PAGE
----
Aleksandra Scepanovic, managing director of New York City-based Ideal Properties Group, recently made a triumphant statement about the role of women in real estate.
Her brokerage, she said, has “proven that women are not just shattering the glass ceiling but we have effortlessly debunked a general misconception that male superiority exists.”
Well, all right! Tell us more!
Scepanovic bases the claim on a recent analysis conducted by Ideal Properties Group. The study revealed that 100 percent of all listings in “Brooklyn Brownstone” priced between $500,000 and $999,000 were represented by an individual female agent or by a team of agents led by a female.
“Brooklyn Brownstone” is sometimes used to refer to southern Brooklyn, but there don’t appear to be formal boundaries associated with the territory.
Ideal Property Group uses “Brooklyn Brownstone” to refer to an area encompassing neighborhoods in both South and North Brooklyn.
Skeptics might note that Ideal Property Group’s ability to draw its own boundaries for “Brooklyn Brownstone” and choose what price ranges to group gender data under may have helped the brokerage generate some particularly compelling statistics.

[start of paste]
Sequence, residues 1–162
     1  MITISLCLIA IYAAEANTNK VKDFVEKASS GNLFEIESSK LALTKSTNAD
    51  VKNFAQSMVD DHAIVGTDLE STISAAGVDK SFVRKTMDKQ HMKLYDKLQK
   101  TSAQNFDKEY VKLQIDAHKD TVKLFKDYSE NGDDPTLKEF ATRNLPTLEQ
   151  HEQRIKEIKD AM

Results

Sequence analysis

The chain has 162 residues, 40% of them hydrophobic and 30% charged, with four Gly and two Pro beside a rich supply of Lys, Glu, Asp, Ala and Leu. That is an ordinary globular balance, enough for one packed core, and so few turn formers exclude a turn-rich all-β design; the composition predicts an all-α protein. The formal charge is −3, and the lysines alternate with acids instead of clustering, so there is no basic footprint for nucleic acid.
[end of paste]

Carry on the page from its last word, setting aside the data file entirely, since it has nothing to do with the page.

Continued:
But one thing’s for sure: The analysis still shows that female real estate agents have cornered many local markets in Brooklyn.
“The fact that females are increasingly the backbone of the real estate brokerage world has slowly but surely come to light in the past few years,” Scepanovic said in a statement.
Women also lead two-agent teams more often than men, and are much less likely to represent lower-priced properties than men in Brooklyn Brownstone, the study found.
Regardless of asset class, within the group of listings represented by two-agent teams in Brooklyn Brownstone, the number of female agents leading marketing and sales efforts was 59 percent.
Boys’ clubs are few and far between in Brooklyn real estate, the study found. Only 10 percent of three-person teams representing listings in Brooklyn Brownstone were all male.
Look at properties listed above $1 million and the ratio of male to female agents suddenly comes close to evening out, with female agents or teams led by female agents representing between 54 and 57 percent of listings.
The study also suggests that female agents tend to shun less expensive properties. Only 2 out of 10 properties listed at less than $500,000 were represented by females agents.
Why are women completely killing it in Brooklyn real estate? Any guesses?